15 John Yoakam Coquille
1C William Mehl Coqull'p
17 Lentin Weekly Gravel Ford
18 Henry C. Bryant Bridge
19 Thos. Coots Bandon
20 R. Pomeroy Parkersburg
21 W. M. Kny RIverton
22 J. H. Radabaugh Arago
23 R. L. Weekly Myrtle Point
24 A. Davis Bani'jn
25 Alex Snyder Myrtle Point
20 W. H. Hayes Etelka
27 James E. Clinton Norway
28 Joe Mast Myrtle Point
29 L. A. Lawhorn McKInley
30 R. L. Wagner Lee
HYLAND OF SAN FRANCISCO ALL
BUT KNOCKS HIM OUT IN LOS
" ANGELES BOUT.
(By Associated Press.)
LOS ANGELES, Cal., Jan. 10.
Hyland of San Francisco, all but
knocked out Packy McFarland of
Chicago, In the tenth round of a
fen-round bout here last night. Mc
Farland was barely able to stay the
round out. There was no decision.
ingtonf northern Idaho, Montana and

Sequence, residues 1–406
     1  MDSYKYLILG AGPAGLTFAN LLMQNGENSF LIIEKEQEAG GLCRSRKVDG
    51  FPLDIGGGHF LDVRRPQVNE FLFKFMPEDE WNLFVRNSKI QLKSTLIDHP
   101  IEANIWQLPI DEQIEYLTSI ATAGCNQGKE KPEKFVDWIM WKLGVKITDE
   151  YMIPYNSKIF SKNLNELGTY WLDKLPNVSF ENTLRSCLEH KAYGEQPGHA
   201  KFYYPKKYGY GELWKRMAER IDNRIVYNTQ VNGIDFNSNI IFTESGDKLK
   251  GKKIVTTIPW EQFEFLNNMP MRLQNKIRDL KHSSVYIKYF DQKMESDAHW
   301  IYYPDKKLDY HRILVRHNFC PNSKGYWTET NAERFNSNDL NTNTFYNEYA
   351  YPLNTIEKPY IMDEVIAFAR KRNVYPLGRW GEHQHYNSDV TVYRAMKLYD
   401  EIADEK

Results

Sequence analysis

the adjacent provinces of Canada,
the temperatures in the latter rang
ing from 30 to 40 below zero. The
snowfall here last Friday, Jan. 8th,
covered the ground to the depth of
about three inches. The greatest
amount of snowfall recorded here
in any 24 hours since 1884, when
the observations were begun was
8.1 inches, on Jan. 22 and 23, 1898.
Nq snow fell here during last Janu
ary and only ,3 of an Inch wa3 re
corded during the entire year 1908.
BROWN'S COUGn BALSAM is the
BEST remedy for Coughs. 25c and
50c at Brown's Pharmacy.
IW Kill! S I ;1 0
NEW YORK HAT MANUFACTU-
RERS BECLAitE FOR
(Special Long Distance Telephone to
to The Times.)
NEW YORK, Jan. 16. As a re
sult of seventy-five .of the leading I
hat manufacturers declaring for the
open shop, 18,000 members of the
Hat Makers Union are on a strike
hero today. Both sides have been
Breakwater Has to Fight Ice
and Severe Mead. Wind
' From Portland.
After one of the roughest trips of
the season, the Breakwater reached
Coos Bay last evening. From Port
land, the steamship had a difficult
trip 'down the Columbia, having to
break the Ice as she progresses'. Af